That is a quite deliberate narrowing down of experience, not naivety, based on a lack of understanding. That’s deliberate, calculated and certainly bears all of the hallmarks of authoritarianism. That’s the wilful imposition of a pre-moulded, dystopic Tory version of reality onto a largely unwilling population.

The propaganda regarding unemployed, sick and disabled people is not based on naivety either: it is deliberate, and calculated, a horrible and wicked attempt to justify their small state ideology and punitive approach to stripping welfare provision from the poorest, and from vulnerable citizens to redistribute funds from the public purse to the already wealthy.

David Cameron, Iain Duncan Smith and Chris Grayling have all contributed a selection of propagandic pieces of work to the press – largely the Sun and the Daily Mail. The language they use – words like “scrounger” “fraud” and “workshy” and the implied “burden on the state,” together with their knowledge that so-called benefit fraud was a mere 0.7% (and that includes DWP’s own errors, too) indicates clearly that the policies aimed at removing welfare provision, and the propaganda campaign that has led to an increase in hate crimes directed at sick and disabled people, are intentional.

10,600 sick and disabled people died last year between January and November, many within six weeks of their ESA claim closing. It’s very telling that the Department for Work and Pensions do not monitor or account for just how many of those were passed as “fit for work” by Atos, or awaiting Appeal.

Furthermore, this Government introduced targets which were written into the Atos contract when they renewed it in 2010: 7 out of 8 sick and disabled people to lose their benefits.

Bearing in mind that those targets exist BEFORE those sick and disabled people are assessed (and the Government have also redesigned the work capability assessment to make sure that there is a heavy bias towards withdrawing people’s support) then we can reasonably infer that the Government see those deaths – that have happened as a result of absolute poverty and extreme distress, some of our most vulnerable citizens have had their means of meeting their basic survival needs removed – as an intended outcome.

That the Government have not acted upon the high number of deaths associated with their welfare “reforms” is truly outrageous, and also indicates quite plainly, to me, that this “outcome” is not simply a by-product of their legislation, or incompetence, or lack of experience: it is calculated and intentional.

This is much, much worse than a little “Tory egocentricity,” incompetence, phenomenological ineptitude, or naivety: this is the deliberate, calculated and wholesale destruction of every State mechanism of support for the most vulnerable citizens as well as for the “ordinary” person. If people cannot meet their basic needs – food, shelter and so on, they die. That is common sense, everyone knows that.

Yet this Government are taking away people’s only means of support. Welfare, the safety net paid for by the tax paying public to ensure no-one dies of starvation or exposure. This Government have stolen our collective funds for social security, and blamed those they have stolen it from for their deed.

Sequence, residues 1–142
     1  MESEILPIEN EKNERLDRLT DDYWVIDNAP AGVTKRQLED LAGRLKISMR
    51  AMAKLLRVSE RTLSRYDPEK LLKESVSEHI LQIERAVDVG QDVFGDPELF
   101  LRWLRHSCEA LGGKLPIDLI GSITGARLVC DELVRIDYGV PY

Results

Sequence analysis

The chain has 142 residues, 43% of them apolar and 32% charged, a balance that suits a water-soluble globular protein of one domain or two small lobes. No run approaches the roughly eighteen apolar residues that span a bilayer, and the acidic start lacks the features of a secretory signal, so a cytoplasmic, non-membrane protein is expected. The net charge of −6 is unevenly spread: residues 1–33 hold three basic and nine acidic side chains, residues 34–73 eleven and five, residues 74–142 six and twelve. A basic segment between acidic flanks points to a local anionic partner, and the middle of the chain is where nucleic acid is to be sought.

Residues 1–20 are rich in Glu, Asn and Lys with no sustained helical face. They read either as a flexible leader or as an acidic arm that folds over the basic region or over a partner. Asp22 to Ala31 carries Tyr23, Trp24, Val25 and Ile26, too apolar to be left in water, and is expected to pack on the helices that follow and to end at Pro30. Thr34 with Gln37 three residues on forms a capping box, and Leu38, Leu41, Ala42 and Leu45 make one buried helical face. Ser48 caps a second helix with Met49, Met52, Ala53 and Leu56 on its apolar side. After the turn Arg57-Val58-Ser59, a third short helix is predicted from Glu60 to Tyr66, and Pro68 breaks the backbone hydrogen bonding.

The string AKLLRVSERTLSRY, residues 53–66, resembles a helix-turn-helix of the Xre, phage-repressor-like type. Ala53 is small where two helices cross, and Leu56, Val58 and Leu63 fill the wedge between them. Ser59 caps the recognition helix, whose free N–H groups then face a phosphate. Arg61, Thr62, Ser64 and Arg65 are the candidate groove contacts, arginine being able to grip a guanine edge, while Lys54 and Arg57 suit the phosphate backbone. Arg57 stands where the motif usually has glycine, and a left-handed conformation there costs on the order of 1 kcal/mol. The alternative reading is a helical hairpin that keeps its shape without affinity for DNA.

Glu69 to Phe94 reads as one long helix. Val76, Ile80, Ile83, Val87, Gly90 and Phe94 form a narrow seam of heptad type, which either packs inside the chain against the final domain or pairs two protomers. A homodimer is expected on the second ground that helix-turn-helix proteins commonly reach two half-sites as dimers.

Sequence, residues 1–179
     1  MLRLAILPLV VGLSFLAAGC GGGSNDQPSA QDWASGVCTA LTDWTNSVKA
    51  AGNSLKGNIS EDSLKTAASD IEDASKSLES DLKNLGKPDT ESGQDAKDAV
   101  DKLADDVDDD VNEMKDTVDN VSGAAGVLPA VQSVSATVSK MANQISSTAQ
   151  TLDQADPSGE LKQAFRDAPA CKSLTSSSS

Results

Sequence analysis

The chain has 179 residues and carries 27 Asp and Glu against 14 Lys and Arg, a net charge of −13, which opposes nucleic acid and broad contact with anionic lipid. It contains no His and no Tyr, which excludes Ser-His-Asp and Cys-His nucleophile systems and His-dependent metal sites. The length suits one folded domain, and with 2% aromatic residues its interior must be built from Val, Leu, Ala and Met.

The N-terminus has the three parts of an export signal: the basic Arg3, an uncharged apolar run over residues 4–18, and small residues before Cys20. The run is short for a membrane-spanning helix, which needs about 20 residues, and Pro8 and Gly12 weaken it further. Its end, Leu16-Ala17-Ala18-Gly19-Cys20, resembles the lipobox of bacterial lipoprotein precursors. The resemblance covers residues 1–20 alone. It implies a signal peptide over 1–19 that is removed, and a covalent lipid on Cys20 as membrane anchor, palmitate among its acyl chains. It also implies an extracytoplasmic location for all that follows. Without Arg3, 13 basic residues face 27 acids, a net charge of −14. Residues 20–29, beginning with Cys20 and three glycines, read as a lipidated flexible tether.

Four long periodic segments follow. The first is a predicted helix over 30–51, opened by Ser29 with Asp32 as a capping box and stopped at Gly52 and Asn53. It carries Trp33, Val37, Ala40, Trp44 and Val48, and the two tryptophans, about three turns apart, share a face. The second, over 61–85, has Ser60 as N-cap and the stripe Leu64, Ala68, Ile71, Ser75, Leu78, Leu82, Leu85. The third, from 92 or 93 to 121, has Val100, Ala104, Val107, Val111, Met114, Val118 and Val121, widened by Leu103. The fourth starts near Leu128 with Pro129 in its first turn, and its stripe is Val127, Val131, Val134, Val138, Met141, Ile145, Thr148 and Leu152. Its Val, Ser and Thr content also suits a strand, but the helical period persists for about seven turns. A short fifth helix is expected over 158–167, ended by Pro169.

They blame the poor for poverty. They blame the unemployed for unemployment. But we know that the Government are to blame. Have you ever noticed that, historically, whenever poverty grows and inequalities become wider and deeper, look to the helm and lo and behold, we have a Tory-led Government steering the way. We need to put this Government out of our misery.

Every single “reform” has been about taking money away from the poorest and some of the most vulnerable people. The fact that the Legal Aid Bill has been timed for implementation next year, when the horrific consequences of the welfare cuts, the bedroom tax and the new council tax will become very apparent, as well as the Health and Social Care reforms, indicates quite plainly that these policies have been planned and coordinated for a long time.

The Legal Aid Bill means that challenging the Government regarding the reforms will be very difficult. Indeed, the Coalition have been steadily removing the essential democratic processes that safeguard our human rights and enable us to challenge effectively.

This is certainly an authoritarian Government.

We should hang their heads in shame.

How truly despicable. How utterly horrifying that they are getting away with it. There is an increasingly discernible taint of eugenics embedded in Tory ideology. This, and the propaganda, smoke and mirrors, media scapegoating diversions and theft from the poorest to handout to the wealthiest –  these actions are intentional, calculated and are being increasingly inflicted and administered, whilst the general population waits passively in the wings, shrugging off the blow by hammer blow accounts: more bad news of further Tory cuts, more devastating consequences.

Too many are finding temporary distractions, watching the idiot box, hoping quietly that those things they can see from the corner of their eye are not real.

Oh, but they are.

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Hanlon’s razor is an eponymous adage that allows the elimination of unlikely explanations for a phenomenon. It reads: “never attribute to malice that which is adequately explained by stupidity.”

However, I always considered malice and stupidity to be strongly correlated characteristics.